ALTER USER cassandra WITH PASSWORD 'FjIrWVTZOFcanrxR3ju3**99';

Exit from cqlsh and reconnect as your new super-user:

cqlsh localhost -u admin -p sandwich
Create Roles

We need to create roles that define the exact access a set of database users’ needs, following a principle of least privilege. In other words, only give away as much as you have to and no more.

Since roles can inherit the permissions from other roles, it is possible to construct a fine-grained hierarchy of permission without incurring a huge administrative overhead.

Finally we create login-roles and assign them only the roles they need to perform their operations. A login-role can be a real person or a client application.

Create a keyspace for a table:

CREATE KEYSPACE IF NOT EXISTS test WITH REPLICATION = { 'class' : 'SimpleStrategy', 'replication_factor' : 1 };
USE test;

We’re going to create just one table to give us an object to work with:

create table restaurants
(
id UUID PRIMARY KEY,
building    text,
street      text,
zipcode     text,
borough     text,
cuisine     text,
name        text
);

For this example we’re going to create a reader role, and a writer role:

CREATE ROLE reader;
CREATE ROLE writer;
GRANT reader to writer;

Note how writer inherits the reader role. We now grant object privileges to the roles:

GRANT SELECT ON test.restaurants TO reader;
GRANT MODIFY ON test.restaurants TO writer;

The end result is that the reader role can read the restaurants table, and the writer role has both read and write access to the table.

Create Login Roles

Using the above created roles, create the required login-roles. Here we have two data scientists who have read-only access to the table(s). Furthermore, using the custom data, we can identify these users directly back to their employee IDs:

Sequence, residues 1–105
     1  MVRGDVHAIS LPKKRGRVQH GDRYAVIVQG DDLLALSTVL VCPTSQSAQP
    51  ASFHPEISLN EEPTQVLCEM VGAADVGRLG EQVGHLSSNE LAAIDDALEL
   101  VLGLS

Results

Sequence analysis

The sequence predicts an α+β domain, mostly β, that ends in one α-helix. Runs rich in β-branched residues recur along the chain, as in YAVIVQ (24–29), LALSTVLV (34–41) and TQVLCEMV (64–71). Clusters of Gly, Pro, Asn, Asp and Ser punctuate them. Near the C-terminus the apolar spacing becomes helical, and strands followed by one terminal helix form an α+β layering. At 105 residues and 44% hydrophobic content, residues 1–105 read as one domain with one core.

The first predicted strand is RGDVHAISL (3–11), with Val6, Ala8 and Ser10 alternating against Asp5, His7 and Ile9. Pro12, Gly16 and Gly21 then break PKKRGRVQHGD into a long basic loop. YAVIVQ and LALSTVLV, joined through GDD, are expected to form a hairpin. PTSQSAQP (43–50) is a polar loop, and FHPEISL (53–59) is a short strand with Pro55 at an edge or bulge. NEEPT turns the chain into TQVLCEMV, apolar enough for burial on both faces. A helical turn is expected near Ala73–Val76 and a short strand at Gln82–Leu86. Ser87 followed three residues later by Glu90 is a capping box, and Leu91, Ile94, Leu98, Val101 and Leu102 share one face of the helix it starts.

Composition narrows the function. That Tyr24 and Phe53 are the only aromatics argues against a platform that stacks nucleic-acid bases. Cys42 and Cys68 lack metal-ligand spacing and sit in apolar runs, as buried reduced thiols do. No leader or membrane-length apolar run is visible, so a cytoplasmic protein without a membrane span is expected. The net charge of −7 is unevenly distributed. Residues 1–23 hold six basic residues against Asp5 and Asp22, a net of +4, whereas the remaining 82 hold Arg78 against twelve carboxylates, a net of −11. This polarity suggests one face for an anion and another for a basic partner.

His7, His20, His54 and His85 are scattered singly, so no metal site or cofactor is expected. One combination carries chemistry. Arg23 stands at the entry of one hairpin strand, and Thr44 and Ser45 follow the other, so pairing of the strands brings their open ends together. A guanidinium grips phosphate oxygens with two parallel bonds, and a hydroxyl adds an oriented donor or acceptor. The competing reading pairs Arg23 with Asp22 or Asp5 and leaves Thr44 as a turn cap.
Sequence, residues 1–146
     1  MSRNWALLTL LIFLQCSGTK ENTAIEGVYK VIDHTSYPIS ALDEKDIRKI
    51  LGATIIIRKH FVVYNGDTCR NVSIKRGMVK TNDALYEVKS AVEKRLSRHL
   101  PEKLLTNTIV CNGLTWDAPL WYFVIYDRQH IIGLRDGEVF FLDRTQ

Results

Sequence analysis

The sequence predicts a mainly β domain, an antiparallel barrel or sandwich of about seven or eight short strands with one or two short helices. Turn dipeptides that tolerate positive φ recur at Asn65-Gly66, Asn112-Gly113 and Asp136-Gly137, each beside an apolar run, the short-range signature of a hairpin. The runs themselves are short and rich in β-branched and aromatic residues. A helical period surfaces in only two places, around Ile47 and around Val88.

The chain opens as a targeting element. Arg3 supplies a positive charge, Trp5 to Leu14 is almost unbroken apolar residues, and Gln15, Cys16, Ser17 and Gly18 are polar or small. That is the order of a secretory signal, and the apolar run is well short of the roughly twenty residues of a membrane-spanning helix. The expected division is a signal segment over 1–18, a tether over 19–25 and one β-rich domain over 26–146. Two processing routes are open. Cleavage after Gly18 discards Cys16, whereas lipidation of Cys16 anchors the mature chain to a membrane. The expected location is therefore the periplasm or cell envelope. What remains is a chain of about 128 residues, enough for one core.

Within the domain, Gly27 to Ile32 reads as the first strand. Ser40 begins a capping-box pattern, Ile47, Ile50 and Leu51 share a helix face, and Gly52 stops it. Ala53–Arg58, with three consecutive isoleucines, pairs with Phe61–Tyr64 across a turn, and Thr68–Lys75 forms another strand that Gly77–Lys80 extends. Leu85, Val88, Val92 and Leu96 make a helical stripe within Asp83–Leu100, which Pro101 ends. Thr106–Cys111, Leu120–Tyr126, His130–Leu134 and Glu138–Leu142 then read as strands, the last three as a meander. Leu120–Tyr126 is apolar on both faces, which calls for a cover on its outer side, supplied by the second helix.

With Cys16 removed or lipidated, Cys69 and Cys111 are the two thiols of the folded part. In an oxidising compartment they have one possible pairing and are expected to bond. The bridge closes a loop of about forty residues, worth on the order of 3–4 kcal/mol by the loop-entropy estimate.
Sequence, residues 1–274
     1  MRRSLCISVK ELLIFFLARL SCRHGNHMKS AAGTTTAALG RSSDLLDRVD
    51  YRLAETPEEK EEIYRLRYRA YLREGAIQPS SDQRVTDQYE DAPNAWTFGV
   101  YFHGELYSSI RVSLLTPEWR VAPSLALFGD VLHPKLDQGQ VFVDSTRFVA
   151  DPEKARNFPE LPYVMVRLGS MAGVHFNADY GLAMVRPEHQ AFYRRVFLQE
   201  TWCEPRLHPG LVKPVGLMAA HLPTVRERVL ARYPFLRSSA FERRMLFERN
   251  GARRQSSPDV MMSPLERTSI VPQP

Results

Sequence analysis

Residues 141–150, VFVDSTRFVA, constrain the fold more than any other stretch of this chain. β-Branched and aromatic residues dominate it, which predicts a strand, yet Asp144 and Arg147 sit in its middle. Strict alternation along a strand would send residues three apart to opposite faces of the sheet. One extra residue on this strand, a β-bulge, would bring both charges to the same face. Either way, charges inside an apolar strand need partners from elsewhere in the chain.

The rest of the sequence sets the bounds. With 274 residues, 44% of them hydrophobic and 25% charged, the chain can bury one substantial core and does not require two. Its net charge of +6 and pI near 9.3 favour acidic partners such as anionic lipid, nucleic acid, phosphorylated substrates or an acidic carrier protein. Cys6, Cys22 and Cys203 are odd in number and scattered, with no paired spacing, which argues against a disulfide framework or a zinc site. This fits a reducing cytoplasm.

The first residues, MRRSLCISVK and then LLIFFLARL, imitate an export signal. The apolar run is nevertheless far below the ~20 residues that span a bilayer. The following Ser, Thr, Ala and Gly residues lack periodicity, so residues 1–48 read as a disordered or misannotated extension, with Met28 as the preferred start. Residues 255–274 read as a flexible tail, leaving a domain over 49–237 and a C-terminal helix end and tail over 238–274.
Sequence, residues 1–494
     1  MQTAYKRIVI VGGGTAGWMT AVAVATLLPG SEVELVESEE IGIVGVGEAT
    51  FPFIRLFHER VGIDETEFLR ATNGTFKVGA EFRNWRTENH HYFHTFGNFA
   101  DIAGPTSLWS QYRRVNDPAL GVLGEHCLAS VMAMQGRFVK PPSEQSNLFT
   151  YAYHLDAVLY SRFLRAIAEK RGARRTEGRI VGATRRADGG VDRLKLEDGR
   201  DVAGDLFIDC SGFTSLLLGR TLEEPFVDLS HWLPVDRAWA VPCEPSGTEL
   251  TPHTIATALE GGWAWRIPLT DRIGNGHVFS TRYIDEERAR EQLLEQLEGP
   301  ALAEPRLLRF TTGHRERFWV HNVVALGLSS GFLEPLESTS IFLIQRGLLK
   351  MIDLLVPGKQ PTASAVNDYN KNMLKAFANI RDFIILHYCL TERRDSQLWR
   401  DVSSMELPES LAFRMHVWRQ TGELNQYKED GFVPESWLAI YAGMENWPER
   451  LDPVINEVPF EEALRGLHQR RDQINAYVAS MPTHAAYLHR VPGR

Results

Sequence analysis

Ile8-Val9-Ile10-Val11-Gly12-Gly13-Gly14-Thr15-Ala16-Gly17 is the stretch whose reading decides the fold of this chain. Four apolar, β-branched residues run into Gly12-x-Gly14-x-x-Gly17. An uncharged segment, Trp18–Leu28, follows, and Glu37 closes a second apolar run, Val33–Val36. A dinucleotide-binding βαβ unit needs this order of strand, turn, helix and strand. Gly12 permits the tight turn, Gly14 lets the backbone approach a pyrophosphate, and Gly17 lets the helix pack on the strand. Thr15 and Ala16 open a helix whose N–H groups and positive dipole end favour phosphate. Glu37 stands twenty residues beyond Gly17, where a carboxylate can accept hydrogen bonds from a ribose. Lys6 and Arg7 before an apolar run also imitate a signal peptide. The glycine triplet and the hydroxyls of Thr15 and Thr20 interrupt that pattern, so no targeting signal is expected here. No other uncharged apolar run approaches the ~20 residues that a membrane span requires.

CREATE ROLE dataScientist01 WITH PASSWORD = 'changeMe' AND LOGIN = true;
GRANT reader TO dataScientist01;
 
CREATE ROLE dataScientist02 WITH PASSWORD = 'changeMe' AND LOGIN = true;
GRANT reader TO dataScientist02;

Finally we create the user for our application:

CREATE ROLE appuser WITH PASSWORD = 'dontChangeMe' AND LOGIN = true;
GRANT writer TO appuser;

You can check that everything has been created correctly using the LIST ROLES command:

LIST ROLES;
 
role            | super | login | options
----------------+-------+-------+---------
          admin |  True |  True |        {}
        appuser | False |  True |        {}
      cassandra |  True |  True |        {}
datascientist01 | False |  True |        {}
datascientist02 | False |  True |        {}
         reader | False | False |        {}
         writer | False | False |        {}
 
(7 rows)
LIST ROLES of appuser;
 
 role    | super | login | options
---------+-------+-------+---------
 appuser | False |  True |        {}
  reader | False | False |        {}
  writer | False | False |        {}

This is a pretty simple example, but it shows what can be achieved wrapping privileges into roles. As new tables are added to the keyspace, only the roles need to be amended. All the users, in turn, inherit their privileges via the roles, keeping administration down to minimum.